It's a common misconception that “hardware” in a horse's leg is setting them up for future problems like arthritis. Hogan said this is really an issue only in situations where there was a complicated injury necessitating hardware and that particular injury either concurrently resulted in significant joint damage, or there was a preexisting joint injury, which wasn't the case here.

D'Vinicris heads home post-surgery with a light bandage on his right front

“A lot of off-track horses will sometimes hit a roadblock with people because they have this perception that if they have a screw somewhere, it's a negative connotation to the horse's ability to do anything and in most cases that's really not true,” said Hogan.

Instead, D'vinicris has moved on from the injury and is not expected to have any performance limitations. Like many horses undergoing surgery to repair a fracture, he walked out of Hogan's clinic sound and wearing a light bandage.

Hogan said there are a few reasons that fractures like this are repairable in 2022 when they wouldn't have been years ago. One of them is that equine surgeons have a better sense now for how to handle anesthesia.

“One more thing that I think is very important to our increasingly favorable outcomes in repairing fractures in racehorses is that we have learned some very valuable lessons about anesthetic protocols since the days of Ruffian,” Hogan said. “We know now that horses need a brief 'adjustment period' for them to recognize that they have an injury and that one leg does not work properly. It is a very important mental aspect for them to be aware of.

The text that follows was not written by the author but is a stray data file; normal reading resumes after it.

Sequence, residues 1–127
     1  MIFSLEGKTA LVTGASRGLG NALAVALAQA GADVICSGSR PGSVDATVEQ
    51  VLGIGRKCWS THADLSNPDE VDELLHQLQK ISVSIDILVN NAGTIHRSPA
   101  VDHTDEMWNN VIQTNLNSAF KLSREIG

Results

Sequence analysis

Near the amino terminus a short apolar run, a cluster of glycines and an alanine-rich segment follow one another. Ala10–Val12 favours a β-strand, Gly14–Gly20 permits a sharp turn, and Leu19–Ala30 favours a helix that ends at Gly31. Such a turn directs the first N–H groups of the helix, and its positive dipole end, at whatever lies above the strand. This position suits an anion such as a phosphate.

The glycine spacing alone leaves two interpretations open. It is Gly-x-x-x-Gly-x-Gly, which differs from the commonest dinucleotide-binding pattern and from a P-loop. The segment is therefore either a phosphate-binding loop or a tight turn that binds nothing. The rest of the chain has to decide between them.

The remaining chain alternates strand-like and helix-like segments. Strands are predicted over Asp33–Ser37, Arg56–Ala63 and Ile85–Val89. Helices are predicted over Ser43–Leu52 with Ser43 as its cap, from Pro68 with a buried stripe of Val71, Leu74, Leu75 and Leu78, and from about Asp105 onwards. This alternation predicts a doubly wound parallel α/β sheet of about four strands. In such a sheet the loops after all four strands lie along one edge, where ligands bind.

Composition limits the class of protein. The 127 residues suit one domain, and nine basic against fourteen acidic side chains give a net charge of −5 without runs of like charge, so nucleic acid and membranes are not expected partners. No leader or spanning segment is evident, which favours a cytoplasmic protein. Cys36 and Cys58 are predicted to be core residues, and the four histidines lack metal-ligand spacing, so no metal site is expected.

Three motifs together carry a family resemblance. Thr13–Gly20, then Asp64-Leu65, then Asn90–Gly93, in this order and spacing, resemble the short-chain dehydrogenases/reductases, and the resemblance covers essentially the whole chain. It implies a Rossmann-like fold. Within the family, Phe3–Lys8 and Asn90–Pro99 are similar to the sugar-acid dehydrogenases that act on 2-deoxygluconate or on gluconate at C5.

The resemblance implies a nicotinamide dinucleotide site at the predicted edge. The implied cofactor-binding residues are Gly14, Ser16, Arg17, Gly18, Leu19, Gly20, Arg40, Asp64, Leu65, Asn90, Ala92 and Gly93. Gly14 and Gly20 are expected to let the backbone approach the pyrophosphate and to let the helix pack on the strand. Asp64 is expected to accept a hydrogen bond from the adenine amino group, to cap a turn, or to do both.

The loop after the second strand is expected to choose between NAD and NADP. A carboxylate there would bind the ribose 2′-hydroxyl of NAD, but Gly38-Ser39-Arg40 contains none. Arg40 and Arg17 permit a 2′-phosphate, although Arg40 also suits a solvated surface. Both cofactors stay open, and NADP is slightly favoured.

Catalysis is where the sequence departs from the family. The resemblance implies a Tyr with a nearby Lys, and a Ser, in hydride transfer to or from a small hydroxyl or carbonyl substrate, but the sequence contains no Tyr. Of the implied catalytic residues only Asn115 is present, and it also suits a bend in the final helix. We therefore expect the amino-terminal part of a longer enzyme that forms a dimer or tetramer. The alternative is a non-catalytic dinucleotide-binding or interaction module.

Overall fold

“Also, we never anesthetize a horse the same day as the when the injury occurs for that reason as well as because they are typically very stressed, are full of adrenaline, are fatigued, etc., and are just not ideal anesthetic candidates. Almost every fracture can be stabilized with a splint or bandage for a day or two and the fracture repaired successfully with a short delay. I have never regretted waiting but I surely have regretted anesthetizing a horse that was not quite ready physically and mentally for the process.”

Hogan said she also gives a lot of credit for positive outcomes like this one to the team around the horse prior to surgery. In this case, the rider was experienced enough to recognize quickly there was a problem and the on-site veterinarians got the leg stabilized and booted, minimizing the ability of the fractured bones to shift farther. Even the transport team shipping the horse to Hogan's clinic played a crucial role, keeping the horse calm and comfortable.

D'Vinicris prior in his stall at Belmont prior to his injury. Photo courtesy Jeffrey Pearl

Pearl said the big gelding's rehabilitation is going well so far and he's expected to resume turnout soon. Assuming the remainder of his recovery is uncomplicated, D'vinicris should have no lasting weakness or elevated risk of injury at the fracture site, Hogan said, and could even return to race training. Pearl said this week he hadn't decided whether D'vinicris will return to the races or embark on a new career, but either way his owners will facilitate whatever he needs.

“No matter what, we would have taken care of him,” said Pearl. “I tell my partners, this is what we've got to do. For the most part, they're all 100 percent in agreement.”